The Bitcoin has come far in the past few years, as the first couple of years it was simply an idea of a futuristic currency that some tech-interested people decided to be a part of. By 2011 it started to be used as a currency online at places like Second World, as well as with the first few gambling sites that popped up.
It wasn’t until around the end of 2011 that the talk about the Bitcoin actually becoming a mainstream payment method started popping up. People started to realize that the fast processing, the security and the ability to process extremely small amounts of money for free was a great idea.
By the start of 2012 we saw companies popping up that offered online retailers the possibility to accept Bitcoins without having to code anything themselves and later on we saw companies like Coinify, BitPay, GoCoin and Coinbase offer Bitcoin payments that are turned into fiat-money instantly after the payment.
All of this has led to the stage that we are currently at – Many smaller Bitcoin specialized companies that accepts Bitcoins only and keeps the Bitcoins and then the others who wants to accept Bitcoins, but wants to turn them into fiat-money instantly. The ladder group primarily uses the Bitcoin as a mean of saving tons of money in payment processing and reach a new audience.
The great thing is that we are currently seeing a massive increase in smaller and larger companies starting to accept Bitcoins and the world currently have more than 100,000 retailers where you can pay with your Bitcoins, making mainstream adaption very real.
Some of these companies includes Overstock, Microsoft, Dell, Expedia, PayPal, Wikipedia, Twitch and Rakuten, to mention some of the biggest ones. BitPay registered a total of 563,568 Bitcoin payment transactions in 2014, almost tripling the amount from 2013, and they are just one of many Bitcoin payment companies.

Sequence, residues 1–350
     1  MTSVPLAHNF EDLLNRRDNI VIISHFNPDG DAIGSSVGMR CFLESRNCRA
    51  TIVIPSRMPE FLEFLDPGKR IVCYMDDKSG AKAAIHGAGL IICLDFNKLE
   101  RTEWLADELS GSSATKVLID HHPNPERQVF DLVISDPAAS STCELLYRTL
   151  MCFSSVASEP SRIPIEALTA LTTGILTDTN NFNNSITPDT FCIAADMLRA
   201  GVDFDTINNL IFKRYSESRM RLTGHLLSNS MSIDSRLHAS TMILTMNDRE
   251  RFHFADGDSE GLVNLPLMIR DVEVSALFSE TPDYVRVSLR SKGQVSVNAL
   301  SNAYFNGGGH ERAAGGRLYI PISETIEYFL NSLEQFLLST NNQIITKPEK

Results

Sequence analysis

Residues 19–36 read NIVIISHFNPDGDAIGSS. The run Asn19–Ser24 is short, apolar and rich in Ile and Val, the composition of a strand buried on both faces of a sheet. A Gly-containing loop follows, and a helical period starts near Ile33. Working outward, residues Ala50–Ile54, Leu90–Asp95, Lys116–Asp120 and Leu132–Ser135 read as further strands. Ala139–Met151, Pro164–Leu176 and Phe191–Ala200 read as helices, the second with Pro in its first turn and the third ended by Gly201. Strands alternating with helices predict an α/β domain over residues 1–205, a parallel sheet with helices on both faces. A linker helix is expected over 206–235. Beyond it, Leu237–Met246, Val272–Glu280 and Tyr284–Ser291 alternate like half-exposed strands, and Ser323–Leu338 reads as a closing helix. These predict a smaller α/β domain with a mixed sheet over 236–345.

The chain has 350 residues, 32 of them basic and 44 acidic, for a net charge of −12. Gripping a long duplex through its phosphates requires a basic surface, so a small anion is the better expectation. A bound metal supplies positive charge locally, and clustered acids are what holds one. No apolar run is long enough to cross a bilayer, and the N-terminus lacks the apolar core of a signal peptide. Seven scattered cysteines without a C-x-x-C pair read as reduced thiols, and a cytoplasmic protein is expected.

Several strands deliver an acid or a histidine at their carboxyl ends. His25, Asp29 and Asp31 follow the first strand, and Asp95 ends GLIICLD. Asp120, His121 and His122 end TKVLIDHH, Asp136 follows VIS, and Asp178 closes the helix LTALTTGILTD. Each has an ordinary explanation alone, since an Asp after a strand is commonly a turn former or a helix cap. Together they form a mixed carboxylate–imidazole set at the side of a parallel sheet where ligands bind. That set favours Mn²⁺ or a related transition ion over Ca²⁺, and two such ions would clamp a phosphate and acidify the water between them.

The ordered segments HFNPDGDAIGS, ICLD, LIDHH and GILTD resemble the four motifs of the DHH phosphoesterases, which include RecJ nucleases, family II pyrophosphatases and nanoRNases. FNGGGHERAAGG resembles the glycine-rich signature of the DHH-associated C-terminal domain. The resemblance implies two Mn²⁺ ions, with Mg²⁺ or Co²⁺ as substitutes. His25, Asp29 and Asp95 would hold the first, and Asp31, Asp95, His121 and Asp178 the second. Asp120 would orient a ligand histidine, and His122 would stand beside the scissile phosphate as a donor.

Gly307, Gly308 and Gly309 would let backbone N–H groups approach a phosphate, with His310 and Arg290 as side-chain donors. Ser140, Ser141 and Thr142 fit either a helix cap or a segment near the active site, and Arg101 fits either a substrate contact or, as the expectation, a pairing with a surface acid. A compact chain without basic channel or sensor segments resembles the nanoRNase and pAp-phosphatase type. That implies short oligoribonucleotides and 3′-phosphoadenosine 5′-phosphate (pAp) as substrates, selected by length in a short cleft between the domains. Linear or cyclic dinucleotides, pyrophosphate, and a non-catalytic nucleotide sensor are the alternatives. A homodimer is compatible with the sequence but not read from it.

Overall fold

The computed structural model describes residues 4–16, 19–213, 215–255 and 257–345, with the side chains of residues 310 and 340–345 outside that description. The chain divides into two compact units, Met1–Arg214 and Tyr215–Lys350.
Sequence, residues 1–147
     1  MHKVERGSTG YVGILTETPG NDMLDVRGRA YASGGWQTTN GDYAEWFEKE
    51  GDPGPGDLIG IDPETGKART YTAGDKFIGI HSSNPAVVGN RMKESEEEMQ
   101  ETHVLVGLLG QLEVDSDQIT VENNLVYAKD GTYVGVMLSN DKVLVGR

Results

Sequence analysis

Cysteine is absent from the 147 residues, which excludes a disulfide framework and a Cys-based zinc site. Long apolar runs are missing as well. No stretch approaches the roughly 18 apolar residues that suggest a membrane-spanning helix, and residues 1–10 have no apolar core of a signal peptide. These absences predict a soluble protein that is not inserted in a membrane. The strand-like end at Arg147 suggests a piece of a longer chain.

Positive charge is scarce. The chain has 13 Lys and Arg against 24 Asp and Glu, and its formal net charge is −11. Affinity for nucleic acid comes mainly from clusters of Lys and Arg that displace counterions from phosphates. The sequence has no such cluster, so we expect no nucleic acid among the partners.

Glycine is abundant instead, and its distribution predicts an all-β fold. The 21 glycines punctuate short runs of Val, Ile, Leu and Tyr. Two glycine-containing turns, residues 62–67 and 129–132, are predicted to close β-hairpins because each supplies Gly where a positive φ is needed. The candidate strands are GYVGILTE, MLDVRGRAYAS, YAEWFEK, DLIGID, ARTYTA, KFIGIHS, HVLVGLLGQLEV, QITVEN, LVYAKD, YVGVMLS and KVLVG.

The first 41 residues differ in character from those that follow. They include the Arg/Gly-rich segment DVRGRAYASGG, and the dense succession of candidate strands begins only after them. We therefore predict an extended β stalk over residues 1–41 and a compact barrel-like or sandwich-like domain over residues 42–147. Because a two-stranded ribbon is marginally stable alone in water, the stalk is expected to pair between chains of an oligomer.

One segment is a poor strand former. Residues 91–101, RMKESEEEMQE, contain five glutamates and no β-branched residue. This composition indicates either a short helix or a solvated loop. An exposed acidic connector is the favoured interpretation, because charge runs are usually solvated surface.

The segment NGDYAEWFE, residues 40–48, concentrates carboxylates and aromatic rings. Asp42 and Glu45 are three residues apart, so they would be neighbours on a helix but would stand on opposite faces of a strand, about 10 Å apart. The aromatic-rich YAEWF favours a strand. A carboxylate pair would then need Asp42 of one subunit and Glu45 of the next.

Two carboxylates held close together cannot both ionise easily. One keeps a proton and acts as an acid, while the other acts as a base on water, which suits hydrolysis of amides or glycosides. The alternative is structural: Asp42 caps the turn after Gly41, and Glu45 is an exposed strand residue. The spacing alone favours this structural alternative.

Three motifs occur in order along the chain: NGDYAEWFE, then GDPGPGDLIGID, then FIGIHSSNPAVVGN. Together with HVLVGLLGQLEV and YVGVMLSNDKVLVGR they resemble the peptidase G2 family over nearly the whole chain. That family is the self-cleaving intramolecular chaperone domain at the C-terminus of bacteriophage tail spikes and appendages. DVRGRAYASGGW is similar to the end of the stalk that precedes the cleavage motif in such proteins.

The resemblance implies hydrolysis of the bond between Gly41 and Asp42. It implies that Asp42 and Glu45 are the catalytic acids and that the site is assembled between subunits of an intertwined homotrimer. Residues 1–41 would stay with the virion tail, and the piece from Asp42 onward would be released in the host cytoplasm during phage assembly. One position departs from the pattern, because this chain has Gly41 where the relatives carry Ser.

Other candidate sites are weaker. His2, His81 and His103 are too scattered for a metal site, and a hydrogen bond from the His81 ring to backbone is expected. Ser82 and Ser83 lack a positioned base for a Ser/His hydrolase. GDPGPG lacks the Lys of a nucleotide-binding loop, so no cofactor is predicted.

The amounts saved in payment processing fees for the companies accepting both fiat-money payments and Bitcoins is estimated at being around $15 million in 2014. $8 million of these was saved through BitPay’s services alone, showing that they are currently market leading in the Bitcoin payment processing field.
While things are currently looking good for the Bitcoin, there is still a long way to go for the Bitcoin. More companies needs to accept the Bitcoin as a payment method, but more importantly they need to create campaigns to attract users to use the much cheaper Bitcoin payment method.
Some companies has from the start of their Bitcoin acceptance created promotions where customers saved money when paying with Bitcoins, which boosted their sales and still saved them money. If companies continue to do these promotions, we should see the Bitcoin becoming more commonly used.
Hopefully we will see the Bitcoin becoming accepted by hundred of thousands of more online shops in the near future, with some of the savings in fees for the companies going back to the consumers in terms of cashback or direct discounts. When this happens, the future looks more than positive for the Bitcoin.